Black Is Beautiful

Calvin Lupiya-cdc72979

Growing up, I hated the color of my skin and the texture of my hair. I grew up in an Asian community and oftentimes the kids and adults made comments that made me feel uncomfortable in my body. I wished then that my skin was milky and I could run my fingers through my hair without wincing.

My father is a Chinese man while my mother is an African woman from the Igbo tribe in Nigeria, west Africa. Her very dominant genes made my father’s Asian qualities have very little effect on my physique. I was blessed with a dark skin and hair that rebelled against gravity. The only thing that looked Asian about me was my eyes.

My dislike for who I was started with me scrubbing my body too hard when my mother let me wash myself in hopes that if I continued like that my skin would become lighter. I even resorted to using a sponge made out of iron scraps meant for washing burnt pots and pans on my skin. I ended up bruising myself and to my dismay, when the bruise healed it revealed dark skin again.

“Why would you use iron sponge on your skin?!” My mother was very furious when she learnt of what I had done. My father observed us silently from the doorpost of my room.

“I don’t like the color of my skin,” I admitted, my voice as low as a whisper. It was the first time I had voiced out this insecurity to them. I was only six then.

My mother’s glare melted away at my words. Slowly and steadily, she came to sit by my side on my bed. My father also did. My mother enveloped me in a big hug and let me wet her blouse with tears. She gushed on about how I should see myself as a unique being and pay no ears to the thoughts of others while my father proclaimed how much he loved me and my color.

Their words boosted my morale lightly but the comments didn’t stop so yet again, I loathed my africanism.

When I was fourteen, I went to shop for groceries with my father on a fateful day. I had stopped to study a product while my father continued down the aisle when I heard two ladies talk about me loudly in Chinese. Maybe they thought I didn’t understand the language. When I deciphered their demeaning words, I didn’t cry though tears itched to pour out. They said I looked like an ape and maybe it was my kind of people the white scientist were referring to when they said we evolved from apes. I just acted like I didn’t hear them and walked stiffly to my father and latched onto his arms. He eyed me warily but when I shot him a smile, he continued his shopping. If he had consoled me, I would have surely cried.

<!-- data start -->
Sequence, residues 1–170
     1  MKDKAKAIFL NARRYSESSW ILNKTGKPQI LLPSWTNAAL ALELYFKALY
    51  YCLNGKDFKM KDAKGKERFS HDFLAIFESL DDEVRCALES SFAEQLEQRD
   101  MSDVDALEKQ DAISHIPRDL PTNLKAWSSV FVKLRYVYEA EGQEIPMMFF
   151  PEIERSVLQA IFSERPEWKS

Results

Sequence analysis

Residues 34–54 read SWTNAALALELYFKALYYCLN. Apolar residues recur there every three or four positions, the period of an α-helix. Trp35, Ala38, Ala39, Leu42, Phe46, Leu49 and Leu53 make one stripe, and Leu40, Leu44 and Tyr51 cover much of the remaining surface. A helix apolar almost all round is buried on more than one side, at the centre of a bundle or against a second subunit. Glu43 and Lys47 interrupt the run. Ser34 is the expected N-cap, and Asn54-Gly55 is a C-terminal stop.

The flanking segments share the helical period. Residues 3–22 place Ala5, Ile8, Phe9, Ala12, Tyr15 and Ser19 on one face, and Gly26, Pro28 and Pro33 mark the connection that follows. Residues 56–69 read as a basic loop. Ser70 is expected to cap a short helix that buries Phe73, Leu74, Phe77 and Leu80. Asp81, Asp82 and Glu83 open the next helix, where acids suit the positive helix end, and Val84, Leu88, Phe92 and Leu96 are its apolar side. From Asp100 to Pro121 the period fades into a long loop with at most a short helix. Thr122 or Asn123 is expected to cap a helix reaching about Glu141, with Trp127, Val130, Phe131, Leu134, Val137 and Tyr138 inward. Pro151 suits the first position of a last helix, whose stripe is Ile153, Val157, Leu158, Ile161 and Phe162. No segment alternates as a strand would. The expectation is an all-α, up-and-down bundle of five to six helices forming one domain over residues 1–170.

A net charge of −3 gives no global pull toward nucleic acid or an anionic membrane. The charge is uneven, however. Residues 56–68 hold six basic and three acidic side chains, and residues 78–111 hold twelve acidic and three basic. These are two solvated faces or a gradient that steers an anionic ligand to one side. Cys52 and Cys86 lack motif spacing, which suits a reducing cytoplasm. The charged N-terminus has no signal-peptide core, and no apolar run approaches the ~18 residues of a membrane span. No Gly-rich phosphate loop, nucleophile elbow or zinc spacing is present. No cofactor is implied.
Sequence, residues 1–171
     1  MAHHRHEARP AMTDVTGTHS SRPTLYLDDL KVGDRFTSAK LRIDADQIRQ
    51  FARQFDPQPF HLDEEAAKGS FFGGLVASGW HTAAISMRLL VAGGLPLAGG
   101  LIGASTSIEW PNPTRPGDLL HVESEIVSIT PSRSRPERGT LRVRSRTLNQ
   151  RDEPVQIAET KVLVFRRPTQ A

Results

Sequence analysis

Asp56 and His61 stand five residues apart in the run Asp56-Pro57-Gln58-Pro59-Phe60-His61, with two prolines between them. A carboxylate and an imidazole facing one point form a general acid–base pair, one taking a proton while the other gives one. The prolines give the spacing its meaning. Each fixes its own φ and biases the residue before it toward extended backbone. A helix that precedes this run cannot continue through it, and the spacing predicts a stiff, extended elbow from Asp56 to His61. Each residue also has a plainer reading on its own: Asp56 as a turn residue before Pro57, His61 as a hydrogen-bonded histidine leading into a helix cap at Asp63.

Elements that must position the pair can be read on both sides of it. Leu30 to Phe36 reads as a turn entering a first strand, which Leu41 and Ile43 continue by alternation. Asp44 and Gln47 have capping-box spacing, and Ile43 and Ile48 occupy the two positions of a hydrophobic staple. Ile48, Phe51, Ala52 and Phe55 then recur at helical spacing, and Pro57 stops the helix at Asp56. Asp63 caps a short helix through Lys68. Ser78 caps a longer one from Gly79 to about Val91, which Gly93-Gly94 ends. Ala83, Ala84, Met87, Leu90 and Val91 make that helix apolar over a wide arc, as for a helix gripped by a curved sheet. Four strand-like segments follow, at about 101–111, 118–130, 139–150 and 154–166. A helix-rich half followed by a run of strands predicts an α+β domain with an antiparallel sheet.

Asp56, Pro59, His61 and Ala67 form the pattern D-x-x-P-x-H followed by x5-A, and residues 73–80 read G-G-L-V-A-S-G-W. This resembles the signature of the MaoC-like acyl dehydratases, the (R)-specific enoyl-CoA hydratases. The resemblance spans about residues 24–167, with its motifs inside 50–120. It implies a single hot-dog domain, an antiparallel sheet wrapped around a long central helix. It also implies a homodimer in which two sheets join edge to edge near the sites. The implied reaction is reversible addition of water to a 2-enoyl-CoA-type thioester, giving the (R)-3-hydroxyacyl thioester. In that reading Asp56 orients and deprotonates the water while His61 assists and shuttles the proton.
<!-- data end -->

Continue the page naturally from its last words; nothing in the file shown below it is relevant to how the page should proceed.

When we drove back home, I sulked as the women’s words kept playing in my head and I didn’t know when a tear rolled down my cheek.

“Kainene what is wrong?!” My father asked alarmed, attempting to park the car at the side of the road.

“I’m fine. It’s my eyes. They keep tearing up.”

“Oh.” He resumed driving. “We should probably go to the clinic soon before your eyes get worse.”

After that day, anytime I looked at my reflection on my full length mirror, the word ‘ape’ floated around in my mind. So I made a choice.

I secretly got a lightening cream and at the same time got a hair relaxer kit. My mother was very disappointed when I came out one morning prepared for school with permed hair. She refused to talk to me throughout the morning and my father couldn’t even get words out when he noticed my hair.

It didn’t even take long for my mother to realize that I was bleaching my skin. She noticed I was getting lighter and she confronted me about it but I denied her allegations. She didn’t buy it so one day she ransacked my room when I left for school and saw the cream I used. She scolded with angry tears in her eyes when I came back home.

“First you perm your hair without my permission and now you bleach your skin?! What are you trying to do? Change yourself?!”

“Maybe.” I didn’t give her the chance to say anymore. I rushed into my room and bawled my eyes out.

That night, I overheard my mother and father talking in their room. My mother was suggesting I went back to Nigeria for the sake of my mental health. She reasoned with my father that living among my people may help me feel comfortable in my skin.

I liked the Idea. It would be nice to live among people who were like me and wouldn’t judge me for what I looked like.

When they came to my room the next morning to tell me their plans, I agreed without a second thought.

Coming back to Nigeria was very refreshing to both my mind and body. I was happy I came back and wished I even grew up here. People commented on how beautiful and shiny my skin was. When ever someone said I was getting plump, they even meant it as a compliment. It was surprising to me and it boosted my body positivity. I even got a therapist to help me in throwing out the mindset I had grown with. That Black is ugly.

Black isn’t. I may have realized this late but I would always remember that; Black is beautiful. Black is bold. Black is Gold.

I told myself that I would forever cherish my skin and flaunt my hair.

Now anytime I look in the mirror, I see a queen. My skin is my regalia and my hair is my freakin’ crown.

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